Pennsylania State University is conducting a Research Project on Improving AAC Technologies for Young Children with Significant Communication Disorders.
The purpose is to respond to the urgent need for improved AAC technologies and instructional methodologies that meet the needs of toddlers and young children with significant communication disorders.
Principal investigator, Janice Light Ph.D. and c0-investigator, Kathy Drager PH.D. have been sharing their findings on AAC-RERC. In reading through the most recent findings, it was found that 4 an 5 year-olds did better at developing vocabulary and concrete language when using a dynamic display device vs. an iconic encoding method. (Read the highlights of the on-going study here).
This raises some questions in my mind that we need to ask ourselves: At what age should we start a child on AAC? What prerequisite skills should be in place-or-do they need to be there at all before a device is introduced? How do we shift our thinking to get AAC in the hands of early learners with communication disorders as early as possible?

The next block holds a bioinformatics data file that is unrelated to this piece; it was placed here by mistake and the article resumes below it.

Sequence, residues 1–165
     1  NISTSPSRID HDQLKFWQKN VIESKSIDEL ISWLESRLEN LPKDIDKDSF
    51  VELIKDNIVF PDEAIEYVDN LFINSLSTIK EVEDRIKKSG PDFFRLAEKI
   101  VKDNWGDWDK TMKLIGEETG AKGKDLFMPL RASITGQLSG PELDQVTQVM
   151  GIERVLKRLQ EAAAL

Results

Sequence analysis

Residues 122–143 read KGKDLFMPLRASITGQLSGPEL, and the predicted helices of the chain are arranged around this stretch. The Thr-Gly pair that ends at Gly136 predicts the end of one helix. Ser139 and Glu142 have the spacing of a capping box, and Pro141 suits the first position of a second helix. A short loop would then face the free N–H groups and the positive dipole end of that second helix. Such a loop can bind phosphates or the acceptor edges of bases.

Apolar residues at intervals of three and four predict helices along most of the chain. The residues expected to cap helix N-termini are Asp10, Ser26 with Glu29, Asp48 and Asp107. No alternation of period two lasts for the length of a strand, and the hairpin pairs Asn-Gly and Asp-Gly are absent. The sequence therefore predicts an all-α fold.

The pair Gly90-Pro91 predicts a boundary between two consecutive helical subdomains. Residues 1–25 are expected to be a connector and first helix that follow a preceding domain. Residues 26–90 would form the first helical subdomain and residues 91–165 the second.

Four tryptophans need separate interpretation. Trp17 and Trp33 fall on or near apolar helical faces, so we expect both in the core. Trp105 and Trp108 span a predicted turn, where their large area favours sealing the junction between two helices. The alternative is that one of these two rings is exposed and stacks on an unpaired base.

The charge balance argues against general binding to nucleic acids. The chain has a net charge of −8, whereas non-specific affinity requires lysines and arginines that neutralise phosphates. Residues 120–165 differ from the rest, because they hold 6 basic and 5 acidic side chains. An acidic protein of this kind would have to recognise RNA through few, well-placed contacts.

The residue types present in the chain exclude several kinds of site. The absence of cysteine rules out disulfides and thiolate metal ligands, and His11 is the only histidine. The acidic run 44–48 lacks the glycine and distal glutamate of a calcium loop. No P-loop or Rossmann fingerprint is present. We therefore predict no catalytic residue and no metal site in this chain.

We live in an educational landscape where price tags are scary to administrators. If we can overcome the cost barrier by establishing concrete funding options that take that load off districts, then we have a foundational platform to discuss providing AAC at an early age so we develop solid language users out of our communication-impaired student population.
I am working on establishing this platform in our districts. I want to be careful that I am not promoting one company in the device that is selected, but give several vendors opportunities to trial devices. The important thing is to have the conversation move from taboo to welcome when it comes to AAC use in our early learning and elementary school populations.
I would urge you to look over the report and have conversations with your SLP's and administrators on supporting a shift towards applying AAC for our learners that will need it at as early an age as possible.
All the best to you!